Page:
When it comes to dividing an estate, it is essential to first liquidate the matrimonial property. The liquidation of matrimonial property consists in drawing up a list of the assets to be divided after the death of one of the spouses in order to establish the rights of the surviving spouse to the estate. Here’s why.
The actual content of your estate depends first and foremost on your marital status. If you are married, the composition of your estate will also depend on your matrimonial regime. In the absence of a financial agreement or valid will, civil partners (PACS) do not qualify as heirs.
When it comes to dividing an estate, the liquidation of the matrimonial property consists in drawing up a list of the assets to be divided after the dissolution of marital ties following the death of one of the spouses in order to establish the surviving spouse’s rights to the estate. This liquidation can be carried out after each spouse’s personal assets have been determined and any communal estate debts have been settled.
While the marriage contract can take any form subject to certain mandatory rules (e.g. legal order of inheritance), there are three basic matrimonial regimes in Luxembourg.
Statutory property regime
Based on the principle of community of property, this regime distinguishes three sets of assets:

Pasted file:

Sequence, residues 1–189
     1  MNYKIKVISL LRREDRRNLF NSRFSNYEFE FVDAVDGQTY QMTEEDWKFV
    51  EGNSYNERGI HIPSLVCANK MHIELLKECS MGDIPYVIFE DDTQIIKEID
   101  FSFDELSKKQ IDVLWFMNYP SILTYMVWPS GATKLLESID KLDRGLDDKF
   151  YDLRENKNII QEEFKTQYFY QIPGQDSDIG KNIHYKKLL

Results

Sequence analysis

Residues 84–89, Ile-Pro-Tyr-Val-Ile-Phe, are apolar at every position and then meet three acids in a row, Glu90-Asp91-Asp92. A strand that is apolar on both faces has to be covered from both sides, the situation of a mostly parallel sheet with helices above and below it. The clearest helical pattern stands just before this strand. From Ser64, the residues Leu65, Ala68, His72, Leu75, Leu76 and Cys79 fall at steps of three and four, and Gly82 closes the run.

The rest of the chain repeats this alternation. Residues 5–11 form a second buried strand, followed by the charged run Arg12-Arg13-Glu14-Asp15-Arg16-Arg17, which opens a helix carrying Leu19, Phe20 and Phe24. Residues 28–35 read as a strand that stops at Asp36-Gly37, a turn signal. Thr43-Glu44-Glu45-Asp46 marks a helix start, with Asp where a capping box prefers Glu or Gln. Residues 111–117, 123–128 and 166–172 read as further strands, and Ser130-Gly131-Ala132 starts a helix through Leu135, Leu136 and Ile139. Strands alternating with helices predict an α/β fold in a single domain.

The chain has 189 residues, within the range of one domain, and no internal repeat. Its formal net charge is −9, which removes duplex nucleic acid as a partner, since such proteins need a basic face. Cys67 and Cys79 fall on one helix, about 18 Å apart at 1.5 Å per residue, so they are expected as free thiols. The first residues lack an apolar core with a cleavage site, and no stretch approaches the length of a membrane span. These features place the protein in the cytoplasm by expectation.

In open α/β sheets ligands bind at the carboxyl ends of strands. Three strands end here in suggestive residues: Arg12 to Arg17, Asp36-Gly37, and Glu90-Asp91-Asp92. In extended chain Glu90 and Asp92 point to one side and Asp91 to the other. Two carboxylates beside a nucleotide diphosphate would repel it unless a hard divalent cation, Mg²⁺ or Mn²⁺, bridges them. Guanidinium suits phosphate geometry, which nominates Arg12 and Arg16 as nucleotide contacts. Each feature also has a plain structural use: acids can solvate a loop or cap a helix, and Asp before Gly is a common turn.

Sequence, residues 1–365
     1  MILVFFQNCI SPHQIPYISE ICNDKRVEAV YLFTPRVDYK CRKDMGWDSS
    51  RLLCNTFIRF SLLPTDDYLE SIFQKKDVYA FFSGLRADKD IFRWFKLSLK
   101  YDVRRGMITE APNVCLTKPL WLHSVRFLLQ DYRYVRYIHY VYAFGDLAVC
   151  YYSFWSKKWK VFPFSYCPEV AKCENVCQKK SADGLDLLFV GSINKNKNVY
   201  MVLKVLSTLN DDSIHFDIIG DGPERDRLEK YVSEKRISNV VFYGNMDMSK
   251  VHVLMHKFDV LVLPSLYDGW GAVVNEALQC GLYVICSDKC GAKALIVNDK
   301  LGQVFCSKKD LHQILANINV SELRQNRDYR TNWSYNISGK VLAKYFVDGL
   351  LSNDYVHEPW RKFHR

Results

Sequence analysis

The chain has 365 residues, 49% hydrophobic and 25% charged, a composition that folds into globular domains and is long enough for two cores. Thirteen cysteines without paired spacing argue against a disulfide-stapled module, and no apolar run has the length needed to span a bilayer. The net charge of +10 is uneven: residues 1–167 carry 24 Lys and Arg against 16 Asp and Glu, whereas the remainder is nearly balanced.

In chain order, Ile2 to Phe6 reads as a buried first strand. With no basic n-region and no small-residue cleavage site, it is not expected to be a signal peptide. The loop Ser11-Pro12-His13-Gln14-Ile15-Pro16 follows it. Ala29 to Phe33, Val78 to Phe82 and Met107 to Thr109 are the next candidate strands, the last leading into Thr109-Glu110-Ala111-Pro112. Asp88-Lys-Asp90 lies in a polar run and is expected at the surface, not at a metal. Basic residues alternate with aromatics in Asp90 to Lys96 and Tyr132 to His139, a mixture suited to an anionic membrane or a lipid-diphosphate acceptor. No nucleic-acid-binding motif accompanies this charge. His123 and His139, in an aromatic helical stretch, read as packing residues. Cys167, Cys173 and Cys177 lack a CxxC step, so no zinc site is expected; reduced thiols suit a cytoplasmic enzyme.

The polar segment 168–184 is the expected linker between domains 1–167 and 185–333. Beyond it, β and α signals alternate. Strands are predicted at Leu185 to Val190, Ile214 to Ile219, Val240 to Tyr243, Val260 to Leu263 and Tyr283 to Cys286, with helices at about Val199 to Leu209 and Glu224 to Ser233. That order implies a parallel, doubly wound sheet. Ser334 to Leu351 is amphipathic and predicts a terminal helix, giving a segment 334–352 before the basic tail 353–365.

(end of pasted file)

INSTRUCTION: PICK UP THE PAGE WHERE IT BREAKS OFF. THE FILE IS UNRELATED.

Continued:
- the personal assets of each spouse. These assets include property acquired before the marriage, personal items acquired during the marriage, and assets inherited or received as a gift during the marriage;
- the assets jointly owned by the spouses. These assets include the product of each spouse’s labour, the benefits and income from their personal assets, as well as assets acquired for valuable consideration by each spouse during the marriage.
All assets are divided into one of these three categories. For example, a building you owned before the marriage would remain your personal property. The same goes for assets that you receive through inheritance or as a gift while you are married. However, wages and income from moveable or immoveable property that you receive, is shared, even when this income comes from individually owned sources. Any asset for which neither spouse can prove ownership is automatically considered to be jointly owned.
For inheritance purposes, your estate will consist of your personal assets, plus half of the communal estate.
Separation of property regime
There are no jointly owned assets under this regime. Your respective incomes remain your personal property. Upon your death, your estate will consist solely of your personal assets.
Universal community of property regime
Under this regime, your personal estate is limited to your personal belongings and rights, such as clothes, professional equipment, etc. Everything else is part of the community of property.
Upon liquidation of this matrimonial property, each party in theory receives half of each item included in the shared assets. Under the universal community regime, the marriage contract can include specific clauses benefiting the surviving spouse, by providing for a share greater than one half (subject to statutory limits).